News Coronavirus Britain imposes mandatory quarantine, cracks down on travel in virus fight

Britain imposes mandatory quarantine, cracks down on travel in virus fight

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Some 40 per cent say those vaccinated against COVID-19 should be free to depart Australia. Photo: Getty
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Britain has announced new measures to reduce travel in and out of the country, hoping that by tightening its borders it can reduce the risk of new variants of the coronavirus spreading and putting its vaccination program at risk.

Travellers arriving in Britain from high-risk COVID-19 countries will have to quarantine for 10 days in government-provided accommodation while those wishing to leave will need to explain why in a process checked before departure, Interior Minister Priti Patel said on Wednesday.

Further details on the “managed isolation process” – where people quarantine in hotels, as has been mandatory in Australia since March 2020 – would be provided next week, she said.

There will also be more police checks on arrivals from elsewhere.

“It is clear that there are still too many people coming in and out of our country each day,” she told parliament.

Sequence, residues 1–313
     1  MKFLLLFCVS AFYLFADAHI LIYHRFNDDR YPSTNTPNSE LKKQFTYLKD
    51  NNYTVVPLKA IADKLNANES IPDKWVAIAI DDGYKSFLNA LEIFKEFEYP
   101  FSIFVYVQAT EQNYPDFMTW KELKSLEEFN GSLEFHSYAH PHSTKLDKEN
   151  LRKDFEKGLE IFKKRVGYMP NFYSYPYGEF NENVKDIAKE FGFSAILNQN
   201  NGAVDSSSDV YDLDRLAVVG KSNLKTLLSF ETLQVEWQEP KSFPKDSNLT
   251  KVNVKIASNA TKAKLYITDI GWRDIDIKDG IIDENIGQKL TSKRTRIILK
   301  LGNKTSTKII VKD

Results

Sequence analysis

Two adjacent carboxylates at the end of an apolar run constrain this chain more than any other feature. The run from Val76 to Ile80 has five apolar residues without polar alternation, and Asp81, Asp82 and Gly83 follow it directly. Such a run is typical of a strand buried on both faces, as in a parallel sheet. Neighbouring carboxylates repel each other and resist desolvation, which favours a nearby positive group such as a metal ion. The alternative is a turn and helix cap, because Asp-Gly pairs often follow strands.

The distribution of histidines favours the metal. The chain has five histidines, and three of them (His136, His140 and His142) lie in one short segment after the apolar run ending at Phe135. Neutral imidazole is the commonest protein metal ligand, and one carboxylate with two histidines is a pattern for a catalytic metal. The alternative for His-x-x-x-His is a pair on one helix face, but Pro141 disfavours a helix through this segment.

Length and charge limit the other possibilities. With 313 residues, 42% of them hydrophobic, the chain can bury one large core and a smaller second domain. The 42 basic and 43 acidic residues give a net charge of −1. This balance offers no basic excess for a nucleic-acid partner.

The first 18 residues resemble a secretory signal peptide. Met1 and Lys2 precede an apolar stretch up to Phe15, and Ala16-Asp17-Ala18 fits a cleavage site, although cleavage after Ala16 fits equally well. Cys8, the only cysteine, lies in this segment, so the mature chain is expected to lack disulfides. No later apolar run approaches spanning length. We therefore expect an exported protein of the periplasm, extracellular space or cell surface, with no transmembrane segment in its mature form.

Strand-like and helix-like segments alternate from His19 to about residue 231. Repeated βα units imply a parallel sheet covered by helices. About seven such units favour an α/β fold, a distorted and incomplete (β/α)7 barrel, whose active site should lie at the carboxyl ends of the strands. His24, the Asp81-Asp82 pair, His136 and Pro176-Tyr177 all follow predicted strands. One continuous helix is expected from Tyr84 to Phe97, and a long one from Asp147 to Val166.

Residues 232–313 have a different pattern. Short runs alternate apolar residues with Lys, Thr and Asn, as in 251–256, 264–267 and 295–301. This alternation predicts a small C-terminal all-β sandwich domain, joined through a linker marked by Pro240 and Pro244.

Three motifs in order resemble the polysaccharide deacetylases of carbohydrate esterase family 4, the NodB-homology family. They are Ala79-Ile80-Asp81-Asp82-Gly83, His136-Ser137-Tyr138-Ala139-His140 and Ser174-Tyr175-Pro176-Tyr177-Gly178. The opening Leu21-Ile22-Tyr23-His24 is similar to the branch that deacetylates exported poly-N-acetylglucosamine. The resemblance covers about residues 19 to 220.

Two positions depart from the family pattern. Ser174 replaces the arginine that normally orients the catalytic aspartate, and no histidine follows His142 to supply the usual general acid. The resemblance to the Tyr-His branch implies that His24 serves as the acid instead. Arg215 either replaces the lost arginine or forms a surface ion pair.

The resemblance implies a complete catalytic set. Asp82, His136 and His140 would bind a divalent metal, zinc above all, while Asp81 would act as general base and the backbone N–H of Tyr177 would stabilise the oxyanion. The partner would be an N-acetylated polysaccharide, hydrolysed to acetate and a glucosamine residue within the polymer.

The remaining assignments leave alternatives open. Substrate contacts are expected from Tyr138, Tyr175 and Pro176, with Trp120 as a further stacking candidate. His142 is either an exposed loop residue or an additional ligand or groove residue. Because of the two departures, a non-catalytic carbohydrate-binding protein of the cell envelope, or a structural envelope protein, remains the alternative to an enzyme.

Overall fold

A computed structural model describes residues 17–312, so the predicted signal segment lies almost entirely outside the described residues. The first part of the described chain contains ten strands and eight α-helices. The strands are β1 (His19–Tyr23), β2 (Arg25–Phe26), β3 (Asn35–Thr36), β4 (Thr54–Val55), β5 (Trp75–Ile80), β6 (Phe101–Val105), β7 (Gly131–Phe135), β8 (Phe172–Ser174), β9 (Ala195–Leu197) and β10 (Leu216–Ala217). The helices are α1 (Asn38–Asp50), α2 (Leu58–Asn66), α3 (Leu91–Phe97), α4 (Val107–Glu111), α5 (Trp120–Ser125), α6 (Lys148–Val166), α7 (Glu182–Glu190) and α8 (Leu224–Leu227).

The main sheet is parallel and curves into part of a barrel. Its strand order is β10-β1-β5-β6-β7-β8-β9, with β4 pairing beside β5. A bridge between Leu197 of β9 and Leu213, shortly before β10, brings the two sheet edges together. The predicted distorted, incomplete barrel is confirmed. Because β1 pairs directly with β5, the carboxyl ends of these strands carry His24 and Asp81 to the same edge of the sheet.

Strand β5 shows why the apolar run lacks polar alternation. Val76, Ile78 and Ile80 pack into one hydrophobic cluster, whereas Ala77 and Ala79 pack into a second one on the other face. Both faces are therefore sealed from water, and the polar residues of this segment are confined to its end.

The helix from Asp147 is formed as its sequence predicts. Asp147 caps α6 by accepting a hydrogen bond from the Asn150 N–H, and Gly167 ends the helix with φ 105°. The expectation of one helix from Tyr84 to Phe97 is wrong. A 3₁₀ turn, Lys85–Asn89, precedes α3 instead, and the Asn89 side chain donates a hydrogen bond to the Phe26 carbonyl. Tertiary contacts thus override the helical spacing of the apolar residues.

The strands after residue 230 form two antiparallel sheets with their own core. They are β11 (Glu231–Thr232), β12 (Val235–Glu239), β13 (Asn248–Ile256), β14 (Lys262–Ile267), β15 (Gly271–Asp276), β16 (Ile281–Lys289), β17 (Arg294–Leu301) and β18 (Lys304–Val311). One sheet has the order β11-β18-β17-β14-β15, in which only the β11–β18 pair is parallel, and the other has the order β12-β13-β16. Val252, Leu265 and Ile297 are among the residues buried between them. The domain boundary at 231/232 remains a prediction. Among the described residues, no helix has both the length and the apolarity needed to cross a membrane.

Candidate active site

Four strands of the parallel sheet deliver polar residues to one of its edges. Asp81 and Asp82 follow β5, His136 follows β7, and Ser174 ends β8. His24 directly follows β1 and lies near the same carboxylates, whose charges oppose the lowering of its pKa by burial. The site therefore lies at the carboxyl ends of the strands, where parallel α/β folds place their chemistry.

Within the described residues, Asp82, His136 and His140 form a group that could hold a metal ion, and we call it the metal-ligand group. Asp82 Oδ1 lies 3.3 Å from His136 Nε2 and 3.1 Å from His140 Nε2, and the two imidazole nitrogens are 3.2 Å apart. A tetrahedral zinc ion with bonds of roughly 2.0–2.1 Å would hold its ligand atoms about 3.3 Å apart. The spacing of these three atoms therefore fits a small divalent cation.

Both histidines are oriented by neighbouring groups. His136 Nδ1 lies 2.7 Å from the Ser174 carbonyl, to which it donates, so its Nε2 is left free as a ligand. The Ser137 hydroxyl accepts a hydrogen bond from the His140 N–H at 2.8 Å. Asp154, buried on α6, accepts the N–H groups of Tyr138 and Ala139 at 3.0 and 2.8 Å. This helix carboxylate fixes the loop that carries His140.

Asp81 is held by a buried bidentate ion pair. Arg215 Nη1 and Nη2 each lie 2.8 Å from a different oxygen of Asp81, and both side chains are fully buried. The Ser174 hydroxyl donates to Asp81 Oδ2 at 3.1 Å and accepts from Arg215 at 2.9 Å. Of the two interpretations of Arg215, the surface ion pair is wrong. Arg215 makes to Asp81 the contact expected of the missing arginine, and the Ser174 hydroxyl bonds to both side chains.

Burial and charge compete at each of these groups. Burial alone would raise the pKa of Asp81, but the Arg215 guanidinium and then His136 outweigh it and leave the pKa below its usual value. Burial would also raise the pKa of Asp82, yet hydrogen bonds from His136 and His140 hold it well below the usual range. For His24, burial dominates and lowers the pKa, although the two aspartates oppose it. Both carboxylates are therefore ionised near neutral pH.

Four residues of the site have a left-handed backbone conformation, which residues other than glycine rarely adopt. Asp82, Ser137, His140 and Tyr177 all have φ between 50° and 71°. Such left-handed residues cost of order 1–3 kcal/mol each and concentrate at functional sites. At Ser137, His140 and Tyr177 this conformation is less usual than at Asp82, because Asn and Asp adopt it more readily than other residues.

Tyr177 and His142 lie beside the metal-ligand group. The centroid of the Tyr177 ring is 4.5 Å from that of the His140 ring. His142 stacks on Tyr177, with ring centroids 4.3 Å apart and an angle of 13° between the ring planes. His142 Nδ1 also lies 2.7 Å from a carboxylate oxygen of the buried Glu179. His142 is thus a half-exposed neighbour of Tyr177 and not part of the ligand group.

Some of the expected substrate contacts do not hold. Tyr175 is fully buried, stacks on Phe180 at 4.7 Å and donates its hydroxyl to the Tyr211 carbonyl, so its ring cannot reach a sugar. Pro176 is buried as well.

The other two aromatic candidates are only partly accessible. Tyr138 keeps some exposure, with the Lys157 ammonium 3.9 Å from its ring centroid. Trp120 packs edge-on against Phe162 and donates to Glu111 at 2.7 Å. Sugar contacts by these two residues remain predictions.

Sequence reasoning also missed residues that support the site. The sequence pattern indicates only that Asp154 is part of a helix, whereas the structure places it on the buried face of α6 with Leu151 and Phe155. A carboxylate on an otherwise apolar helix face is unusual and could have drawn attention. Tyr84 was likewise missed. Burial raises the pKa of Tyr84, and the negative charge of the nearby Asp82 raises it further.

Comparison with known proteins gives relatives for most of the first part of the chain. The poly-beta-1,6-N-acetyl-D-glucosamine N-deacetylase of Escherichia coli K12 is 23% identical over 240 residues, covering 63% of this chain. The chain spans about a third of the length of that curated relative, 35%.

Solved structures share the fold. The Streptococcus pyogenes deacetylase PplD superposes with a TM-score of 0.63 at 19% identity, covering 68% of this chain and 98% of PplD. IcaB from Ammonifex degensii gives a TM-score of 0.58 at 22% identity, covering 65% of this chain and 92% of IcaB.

“People should be staying at home, unless they have a valid reason to leave. Going on holiday is not a valid reason.”

Ms Patel said the list of travel exemptions would also be urgently reviewed to crack down on movements and ensure only those people with exceptional reasons go abroad.

More restrictions will mean further pain for airlines and the travel industry at a time when many companies are struggling after 11 months of the pandemic.

Airlines UK, which represents British Airways, easyJet and others, repeated calls for government help.

“We can only help connect the UK to the world – and deliver the Global Britain agenda that is so important to our future prosperity – if we have a viable airlines sector,” chief executive Tim Alderslade said.

Prime Minister Boris Johnson indicated on Wednesday that the coronavirus lockdown in England would last until at least March 8 as he ruled out any imminent return to school for most students.

He said Britain remained in a “perilous situation” with more than 37,000 patients hospitalised with COVID-19, nearly twice as many as during the country’s previous peak in April.

While dashing hopes of a return to classrooms after a mid-February school break, Mr Johnson cautioned that the March 8 target was an aspiration dependent on progress on the vaccination front and ongoing reductions in the prevalence of the virus in the community.

He said a “roadmap” for the “gradual and phased” easing of the lockdown would be unveiled in the week beginning February 22.

“The first sign of normality beginning to return should be pupils going back to their classrooms,” he said.